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Stinging Needles
Roll in a patch of stinging nettle and you'll think it's a spelling mistake. Nettle's stinging needles, as whispy as whiskers, are hollow and filled with formic acid which can cause burning, even blistering. Though aboriginal medicinal uses were various the principle technological use was as a source of hemp-like fiber for making thread and string. Stalks were picked late in the year when prickles had largely dropped off. Fibers were separated by rubbing or beating and then spun into thin threads. Those in turn could be braided to form thicker, stronger twine for weaving fine cloth, making fish nets and fishing line and, rarely, string bikinis.
Illustration by Manami Kimura
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The West Coast Trail- Day Six E-mail
(8 - user rating)
Written by Brian Grover   
Camper Cr to Gordon R 13 km
After crossing the creek on the cable car and climbing out of the ravine, the end of the trail is a steady slog through the forest mud. Alternatives that involve the beach add welcomed variation as well as significant distance to your day. At two and three kilometres from Camper Creek the beach becomes accessible once again. Take the second access route to avoid a difficult surge channel. The rocky shelf here is passable when tides are below 2.4 metres for 1 km. Most hikers then return to the forest for the duration of the trip.

The geology along the next two kilometres of shelf to Owen Point, however, should not be missed. Known locally as Moonscape, the sandstone surfaces along the way have been uniquely sculpted by aeons of weather and water.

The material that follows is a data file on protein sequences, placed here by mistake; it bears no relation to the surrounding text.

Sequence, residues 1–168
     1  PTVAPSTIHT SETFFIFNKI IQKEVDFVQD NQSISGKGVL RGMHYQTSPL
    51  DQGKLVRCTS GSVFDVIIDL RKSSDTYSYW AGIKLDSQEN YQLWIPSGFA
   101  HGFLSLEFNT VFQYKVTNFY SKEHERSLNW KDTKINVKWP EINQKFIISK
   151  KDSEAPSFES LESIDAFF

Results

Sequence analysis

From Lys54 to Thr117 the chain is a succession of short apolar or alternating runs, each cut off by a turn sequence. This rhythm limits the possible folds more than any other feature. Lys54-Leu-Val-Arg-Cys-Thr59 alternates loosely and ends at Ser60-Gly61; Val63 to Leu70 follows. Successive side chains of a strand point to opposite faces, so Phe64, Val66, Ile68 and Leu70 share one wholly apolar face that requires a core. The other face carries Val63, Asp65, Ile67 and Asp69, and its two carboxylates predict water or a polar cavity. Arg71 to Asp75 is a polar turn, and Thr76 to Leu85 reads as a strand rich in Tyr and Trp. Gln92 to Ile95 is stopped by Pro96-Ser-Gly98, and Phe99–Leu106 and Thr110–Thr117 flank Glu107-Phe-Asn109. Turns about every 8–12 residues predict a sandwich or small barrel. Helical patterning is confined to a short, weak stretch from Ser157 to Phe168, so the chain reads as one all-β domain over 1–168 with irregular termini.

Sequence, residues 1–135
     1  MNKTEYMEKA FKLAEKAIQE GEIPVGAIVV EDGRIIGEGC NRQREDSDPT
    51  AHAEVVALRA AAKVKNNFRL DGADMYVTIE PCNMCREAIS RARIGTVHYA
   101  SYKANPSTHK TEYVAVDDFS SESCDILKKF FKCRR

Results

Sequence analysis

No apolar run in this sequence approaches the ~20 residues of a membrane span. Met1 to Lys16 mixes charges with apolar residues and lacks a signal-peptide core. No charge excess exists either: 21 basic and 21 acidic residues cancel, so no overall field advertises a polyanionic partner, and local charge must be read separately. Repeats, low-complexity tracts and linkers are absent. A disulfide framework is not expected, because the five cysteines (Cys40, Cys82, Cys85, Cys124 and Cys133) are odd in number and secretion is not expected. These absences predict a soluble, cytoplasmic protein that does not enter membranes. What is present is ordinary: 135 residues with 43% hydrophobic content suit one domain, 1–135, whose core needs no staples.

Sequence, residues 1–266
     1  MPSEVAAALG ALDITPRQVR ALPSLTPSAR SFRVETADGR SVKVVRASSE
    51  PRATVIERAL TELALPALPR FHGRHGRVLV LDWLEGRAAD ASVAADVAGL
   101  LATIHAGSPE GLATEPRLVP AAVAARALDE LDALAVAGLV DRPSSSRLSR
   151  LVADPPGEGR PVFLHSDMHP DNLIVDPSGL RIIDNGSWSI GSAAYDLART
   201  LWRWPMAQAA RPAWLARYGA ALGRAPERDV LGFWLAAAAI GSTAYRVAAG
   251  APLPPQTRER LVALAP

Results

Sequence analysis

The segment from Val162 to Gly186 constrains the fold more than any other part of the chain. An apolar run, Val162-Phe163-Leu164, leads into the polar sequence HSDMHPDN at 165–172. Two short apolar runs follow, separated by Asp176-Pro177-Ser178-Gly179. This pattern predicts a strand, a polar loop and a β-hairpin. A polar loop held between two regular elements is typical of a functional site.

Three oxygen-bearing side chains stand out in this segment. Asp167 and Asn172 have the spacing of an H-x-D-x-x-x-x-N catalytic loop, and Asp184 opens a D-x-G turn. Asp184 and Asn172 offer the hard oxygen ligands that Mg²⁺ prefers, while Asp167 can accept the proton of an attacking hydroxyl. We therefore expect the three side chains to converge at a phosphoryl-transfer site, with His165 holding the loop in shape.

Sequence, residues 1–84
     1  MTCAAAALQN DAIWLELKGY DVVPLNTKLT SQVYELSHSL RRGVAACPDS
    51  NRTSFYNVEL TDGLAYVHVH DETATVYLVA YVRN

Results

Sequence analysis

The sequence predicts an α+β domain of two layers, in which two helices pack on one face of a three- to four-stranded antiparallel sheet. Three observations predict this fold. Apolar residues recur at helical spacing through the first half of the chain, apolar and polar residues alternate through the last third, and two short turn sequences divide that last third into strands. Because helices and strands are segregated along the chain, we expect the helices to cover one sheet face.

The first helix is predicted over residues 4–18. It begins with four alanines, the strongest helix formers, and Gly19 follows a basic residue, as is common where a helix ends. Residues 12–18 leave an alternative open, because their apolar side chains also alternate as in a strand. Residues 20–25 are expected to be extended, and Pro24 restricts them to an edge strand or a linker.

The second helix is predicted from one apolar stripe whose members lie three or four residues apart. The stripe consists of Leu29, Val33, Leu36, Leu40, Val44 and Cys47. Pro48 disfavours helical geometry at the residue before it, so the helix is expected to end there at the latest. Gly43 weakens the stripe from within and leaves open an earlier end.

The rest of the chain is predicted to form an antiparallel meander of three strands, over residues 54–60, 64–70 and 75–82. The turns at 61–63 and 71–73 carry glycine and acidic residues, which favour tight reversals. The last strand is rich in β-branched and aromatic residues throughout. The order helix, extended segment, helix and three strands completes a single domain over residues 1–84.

Owen Point itself is passable when the tide is below 1.8 metres. The beach route beyond that to Thrasher Cove is narrow with many loose rocks and can be clogged with driftwood making this an often demanding route. Cleft Falls and a series of delightful sea caves might just make following this route worthwhile however. As the going will be slow be sure to allow enough time to cover the 2½ km from the point to Thrasher Cove while the tide is out. Thrasher Cove is an attractive place to camp but those determined to reach the end of the trail before nightfall will have to climb 1 km steeply up to the main trail [km 70.] On the final 5 km leg of the journey you'll reach the highest point on the West Coast Trail, a viewpoint overlooking Port San Juan.

Shortly thereafter [km 72] you'll encounter another abandoned steam "donkey." This one was used to log the area in days gone by. This is the only section of the West Coast Trail which suffered the bite of the cross cut saw. Compare the thick understory vegetation that has resulted with the relatively open spaces beneath the canopy of virgin forest you passed through the day before. When you finally reach the trailhead at Gordon River [km 75] wait for the herring skiff that will ferry you across to the other side. Like the ferry that took you across Nitinat Narrows, boat transportation here costs $12.50 and should have been paid when you registered. The ferry operates just four times daily at 9:15 and 11:15 every morning and at 3:15 and 6:15 in the afternoon. Your Trail Use Permit is your ticket to ride. Return your permit to the Parks Canada office at the mouth of Gordon River. For those who have to weather one more night in the area while waiting for transportation there is commercial camping nearby at the Pacheenaht Indian reserve for $8 per tent per night.



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